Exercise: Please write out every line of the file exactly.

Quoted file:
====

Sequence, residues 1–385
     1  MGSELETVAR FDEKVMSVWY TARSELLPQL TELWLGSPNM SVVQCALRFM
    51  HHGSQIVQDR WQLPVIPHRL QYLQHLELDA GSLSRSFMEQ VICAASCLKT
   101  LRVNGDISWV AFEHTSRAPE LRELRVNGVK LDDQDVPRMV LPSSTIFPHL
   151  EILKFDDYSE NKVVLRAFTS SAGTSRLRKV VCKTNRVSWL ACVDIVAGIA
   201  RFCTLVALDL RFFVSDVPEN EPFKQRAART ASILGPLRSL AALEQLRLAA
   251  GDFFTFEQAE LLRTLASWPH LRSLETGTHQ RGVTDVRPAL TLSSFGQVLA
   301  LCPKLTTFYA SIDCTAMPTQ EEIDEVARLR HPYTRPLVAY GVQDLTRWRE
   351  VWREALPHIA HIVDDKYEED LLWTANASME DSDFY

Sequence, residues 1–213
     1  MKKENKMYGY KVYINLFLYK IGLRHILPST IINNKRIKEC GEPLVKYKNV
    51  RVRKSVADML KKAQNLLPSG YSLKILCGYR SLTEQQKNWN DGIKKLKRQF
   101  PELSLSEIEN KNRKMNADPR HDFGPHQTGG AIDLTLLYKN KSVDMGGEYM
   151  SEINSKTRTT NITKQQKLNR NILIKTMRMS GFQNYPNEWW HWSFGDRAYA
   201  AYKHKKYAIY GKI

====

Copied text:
Sequence, residues 1–385
     1  MGSELETVAR FDEKVMSVWY TARSELLPQL TELWLGSPNM SVVQCALRFM
    51  HHGSQIVQDR WQLPVIPHRL QYLQHLELDA GSLSRSFMEQ VICAASCLKT
   101  LRVNGDISWV AFEHTSRAPE LRELRVNGVK LDDQDVPRMV LPSSTIFPHL
   151  EILKFDDYSE NKVVLRAFTS SAGTSRLRKV VCKTNRVSWL ACVDIVAGIA
   201  RFCTLVALDL RFFVSDVPEN EPFKQRAART ASILGPLRSL AALEQLRLAA
   251  GDFFTFEQAE LLRTLASWPH LRSLETGTHQ RGVTDVRPAL TLSSFGQVLA
   301  LCPKLTTFYA SIDCTAMPTQ EEIDEVARLR HPYTRPLVAY GVQDLTRWRE
   351  VWREALPHIA HIVDDKYEED LLWTANASME DSDFY

Sequence, residues 1–213
     1  MKKENKMYGY KVYINLFLYK IGLRHILPST IINNKRIKEC GEPLVKYKNV
    51  RVRKSVADML KKAQNLLPSG YSLKILCGYR SLTEQQKNWN DGIKKLKRQF
   101  PELSLSEIEN KNRKMNADPR HDFGPHQTGG AIDLTLLYKN KSVDMGGEYM
   151  SEINSKTRTT NITKQQKLNR NILIKTMRMS GFQNYPNEWW HWSFGDRAYA
   201  AYKHKKYAIY GKI